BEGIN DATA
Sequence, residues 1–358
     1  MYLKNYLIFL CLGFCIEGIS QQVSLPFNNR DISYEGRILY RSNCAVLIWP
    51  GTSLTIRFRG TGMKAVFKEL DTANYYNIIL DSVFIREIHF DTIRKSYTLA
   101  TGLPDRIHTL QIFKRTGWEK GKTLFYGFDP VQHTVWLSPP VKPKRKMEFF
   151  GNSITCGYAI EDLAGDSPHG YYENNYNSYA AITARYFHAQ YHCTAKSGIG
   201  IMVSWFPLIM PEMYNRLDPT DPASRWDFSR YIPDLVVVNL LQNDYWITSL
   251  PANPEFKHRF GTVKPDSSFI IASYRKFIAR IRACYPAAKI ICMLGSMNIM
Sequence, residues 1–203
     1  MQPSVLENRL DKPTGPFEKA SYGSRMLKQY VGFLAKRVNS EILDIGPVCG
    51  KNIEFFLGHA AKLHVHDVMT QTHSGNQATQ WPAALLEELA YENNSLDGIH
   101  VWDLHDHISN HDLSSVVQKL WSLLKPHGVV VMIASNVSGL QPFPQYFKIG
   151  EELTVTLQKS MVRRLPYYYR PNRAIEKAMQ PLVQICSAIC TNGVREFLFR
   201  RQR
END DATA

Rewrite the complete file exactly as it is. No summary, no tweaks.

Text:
Sequence, residues 1–358
     1  MYLKNYLIFL CLGFCIEGIS QQVSLPFNNR DISYEGRILY RSNCAVLIWP
    51  GTSLTIRFRG TGMKAVFKEL DTANYYNIIL DSVFIREIHF DTIRKSYTLA
   101  TGLPDRIHTL QIFKRTGWEK GKTLFYGFDP VQHTVWLSPP VKPKRKMEFF
   151  GNSITCGYAI EDLAGDSPHG YYENNYNSYA AITARYFHAQ YHCTAKSGIG
   201  IMVSWFPLIM PEMYNRLDPT DPASRWDFSR YIPDLVVVNL LQNDYWITSL
   251  PANPEFKHRF GTVKPDSSFI IASYRKFIAR IRACYPAAKI ICMLGSMNIM
Sequence, residues 1–203
     1  MQPSVLENRL DKPTGPFEKA SYGSRMLKQY VGFLAKRVNS EILDIGPVCG
    51  KNIEFFLGHA AKLHVHDVMT QTHSGNQATQ WPAALLEELA YENNSLDGIH
   101  VWDLHDHISN HDLSSVVQKL WSLLKPHGVV VMIASNVSGL QPFPQYFKIG
   151  EELTVTLQKS MVRRLPYYYR PNRAIEKAMQ PLVQICSAIC TNGVREFLFR
   201  RQR